By now I think most of us are familiar with the character of Deadpool/Wade Wilson, even those who don't read his comic books or indeed delve into the Marvel comic universe in general.
The first promo photo for the upcoming Deadpool movie was tweeted by Ryan Reynolds back in March, and fans of the comic book Deadpool were enthused to see the character embodying the tongue-in-cheek humour that defines him.
Indeed Fox have managed to pull off a marketing campaign for the movie that perfectly encapsulates the essence of Deadpool's character, and it's actually pretty impressive.
Shattering The Fourth-Wall
Breaking the fourth wall, in which a character is self-aware of their status as a fictional construction within a fictional universe, has always been a central feature of the character. Deadpool is insane, but with that insanity he gains a measure of clarity as he is the only character in the Marvel comic universe who is consistently aware that he exists as nothing more than pen and ink upon a page.
The characters tendency to break the fourth-wall has been theorised as a symptom of his mental illness: a coping strategy that he uses to deal with the reality of his existence, but the throwaway comments to the real world (name dropping his creators and the knowledge that Tobey Maguire portrayed Spider-Man in the Raimi movies) refute this theory, suggesting that he actually can see into our universe.
Anyway, the marketing for the Deadpool film is very aware of this central feature, playing off of it to create viral marketing within the fandom; it's been very successful thus far.
At lot of what makes the Deadpool character so attractive here is the way in which Reynolds is building off the general hatred in the fandom for 2011's Green Lantern movie (in which he portrayed the titular character) and X-Men Origins: Wolverine's portrayal of Weapon X/Wade Wilson (Reynolds again).
There's a pretty obvious jab towards Green Lantern in the Red Band trailer: "Please don't make the super suit green... Or animated!". It's been well publicised how much Reynolds hated the Green Lantern movie, blaming the problems on the lack of a solid script and the unrealistic release date, a sentiment shared by the majority of the fandom.
Deadpool director Tim Miller said that "Ryan [Reynolds] definitely had some Green Lantern issues to work out..."
"We had about a minute’s worth of dialogue between him and Colossus where he talks about it, like, ‘So a guy comes with a thousand-dollar suit and says, ‘We want you to play a superhero,’ but there’s no script yet and the release date is completely unmakeable…’ He goes on this whole anti-Green Lantern run, but I’m not sure it’ll stay in, because probably not even half the people in the theatres will get those jokes…that scene’s one for the DVD extras, for sure."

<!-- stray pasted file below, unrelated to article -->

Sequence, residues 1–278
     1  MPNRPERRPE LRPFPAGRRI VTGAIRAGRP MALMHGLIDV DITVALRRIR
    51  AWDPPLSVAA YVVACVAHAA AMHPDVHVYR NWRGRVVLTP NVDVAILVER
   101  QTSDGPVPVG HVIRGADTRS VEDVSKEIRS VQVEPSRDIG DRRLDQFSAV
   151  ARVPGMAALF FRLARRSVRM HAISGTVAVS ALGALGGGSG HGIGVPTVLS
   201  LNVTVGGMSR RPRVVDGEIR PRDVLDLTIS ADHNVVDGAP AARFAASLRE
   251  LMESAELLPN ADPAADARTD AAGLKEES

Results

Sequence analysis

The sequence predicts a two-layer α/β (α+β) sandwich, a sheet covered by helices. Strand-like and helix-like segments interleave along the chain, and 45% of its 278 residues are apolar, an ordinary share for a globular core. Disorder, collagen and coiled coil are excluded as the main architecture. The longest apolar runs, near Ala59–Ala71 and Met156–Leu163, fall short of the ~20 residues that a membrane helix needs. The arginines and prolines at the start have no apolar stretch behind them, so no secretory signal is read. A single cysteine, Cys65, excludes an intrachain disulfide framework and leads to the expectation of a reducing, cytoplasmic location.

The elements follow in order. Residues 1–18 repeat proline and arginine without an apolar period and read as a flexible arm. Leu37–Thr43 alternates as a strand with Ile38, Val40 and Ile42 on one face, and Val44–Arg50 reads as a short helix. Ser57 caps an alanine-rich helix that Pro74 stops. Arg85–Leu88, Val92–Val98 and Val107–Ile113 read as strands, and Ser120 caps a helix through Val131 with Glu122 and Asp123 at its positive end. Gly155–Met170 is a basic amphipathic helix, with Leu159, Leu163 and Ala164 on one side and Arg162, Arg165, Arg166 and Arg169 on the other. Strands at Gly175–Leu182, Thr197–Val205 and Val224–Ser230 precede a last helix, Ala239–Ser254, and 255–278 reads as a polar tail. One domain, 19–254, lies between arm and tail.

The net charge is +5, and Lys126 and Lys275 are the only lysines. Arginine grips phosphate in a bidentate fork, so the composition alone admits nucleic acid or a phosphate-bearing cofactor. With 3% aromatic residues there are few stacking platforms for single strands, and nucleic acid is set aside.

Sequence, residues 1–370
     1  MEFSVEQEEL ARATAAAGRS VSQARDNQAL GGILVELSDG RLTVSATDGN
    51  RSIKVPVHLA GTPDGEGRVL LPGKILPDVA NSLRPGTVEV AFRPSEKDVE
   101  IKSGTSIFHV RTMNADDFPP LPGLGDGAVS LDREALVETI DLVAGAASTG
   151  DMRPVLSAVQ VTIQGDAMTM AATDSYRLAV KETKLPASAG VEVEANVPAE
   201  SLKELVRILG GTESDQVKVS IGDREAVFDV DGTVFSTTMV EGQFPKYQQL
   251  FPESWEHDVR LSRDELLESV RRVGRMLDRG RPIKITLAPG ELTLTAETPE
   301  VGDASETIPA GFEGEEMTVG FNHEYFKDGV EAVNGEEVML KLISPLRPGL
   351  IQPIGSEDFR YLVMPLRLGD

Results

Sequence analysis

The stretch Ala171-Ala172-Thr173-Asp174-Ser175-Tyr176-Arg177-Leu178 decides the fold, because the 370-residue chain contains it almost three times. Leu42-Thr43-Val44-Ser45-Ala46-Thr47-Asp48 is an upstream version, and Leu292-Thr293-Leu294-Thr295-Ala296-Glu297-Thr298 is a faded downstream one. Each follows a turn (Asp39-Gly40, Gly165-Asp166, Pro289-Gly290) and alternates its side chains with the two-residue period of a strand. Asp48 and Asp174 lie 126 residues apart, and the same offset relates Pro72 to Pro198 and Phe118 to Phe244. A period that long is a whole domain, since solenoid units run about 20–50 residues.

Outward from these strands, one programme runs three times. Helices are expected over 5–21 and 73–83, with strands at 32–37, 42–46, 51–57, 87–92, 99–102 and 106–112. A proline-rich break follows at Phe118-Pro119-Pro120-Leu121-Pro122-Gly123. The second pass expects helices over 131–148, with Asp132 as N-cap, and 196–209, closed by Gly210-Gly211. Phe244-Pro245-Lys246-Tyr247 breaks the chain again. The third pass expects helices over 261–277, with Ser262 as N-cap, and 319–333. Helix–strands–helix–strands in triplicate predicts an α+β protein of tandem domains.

The teaser trailer for the trailer has an outright comment towards both X-Men Origins: Wolverine and 20th-Century Fox, as the in-character Reynolds describes Deadpool as "from the studio that inexplicably sewed his fucking mouth shut the first time."
More Promo Fourth Wall Breaking
The trailer, for the trailer: The fact that Fox released a teaser trailer of the central character introducing the actual trailer for his movie is something which be ridiculous for any other movie, but fits perfectly with his previously established character traits for this one.
The Red Band trailer: Features plenty of Deadpool-esque humour (the nicknames he gives his captors, the swearing, the reactions to his face), as well as the fourth-wall breaks in the form of Green Lantern jab and punching people to the tune of the non-diegetic soundtrack.
Breaking into the Fantastic Four trailer: Some people may have missed this one, but a while back the teaser trailer for the Deadpool trailer was tacked onto the end of the extended trailer for the Fantastic Four movie trailer, with Deadpool interrupting the end of the broadcast to introduce his own trailer - "But wait, there's more!" This fits perfectly with Deadpool's tendencies to crossover with other heroes in the Marvel universe, often promoting confused reactions from them when he does his thing.
The attention to detail given in remaining true to the character and carrying that over the fourth wall into our reality is actually quite clever, and it's gone down extremely well within the fandom so far.
So, the promos have left me cautiously optimistic that the final product is going to be worth seeing, and not another freaking train-wreck like the manner in which Fox have handled the Fantastic Four franchise. Or at least, I live in hope.